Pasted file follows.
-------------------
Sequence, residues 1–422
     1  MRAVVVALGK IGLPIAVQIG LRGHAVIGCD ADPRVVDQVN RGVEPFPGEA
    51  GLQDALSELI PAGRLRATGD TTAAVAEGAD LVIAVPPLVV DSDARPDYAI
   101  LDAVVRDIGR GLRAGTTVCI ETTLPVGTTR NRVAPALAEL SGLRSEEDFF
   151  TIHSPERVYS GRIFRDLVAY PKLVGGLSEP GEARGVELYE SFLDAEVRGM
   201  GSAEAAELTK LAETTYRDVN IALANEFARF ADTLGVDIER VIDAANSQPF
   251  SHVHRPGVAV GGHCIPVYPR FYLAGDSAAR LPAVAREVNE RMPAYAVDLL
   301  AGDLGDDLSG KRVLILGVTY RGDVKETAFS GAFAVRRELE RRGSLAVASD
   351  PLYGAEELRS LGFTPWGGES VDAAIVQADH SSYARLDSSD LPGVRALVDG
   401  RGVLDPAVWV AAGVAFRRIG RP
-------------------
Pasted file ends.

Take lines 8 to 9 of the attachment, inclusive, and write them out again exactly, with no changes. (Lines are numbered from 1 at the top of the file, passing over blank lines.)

   301  AGDLGDDLSG KRVLILGVTY RGDVKETAFS GAFAVRRELE RRGSLAVASD
   351  PLYGAEELRS LGFTPWGGES VDAAIVQADH SSYARLDSSD LPGVRALVDG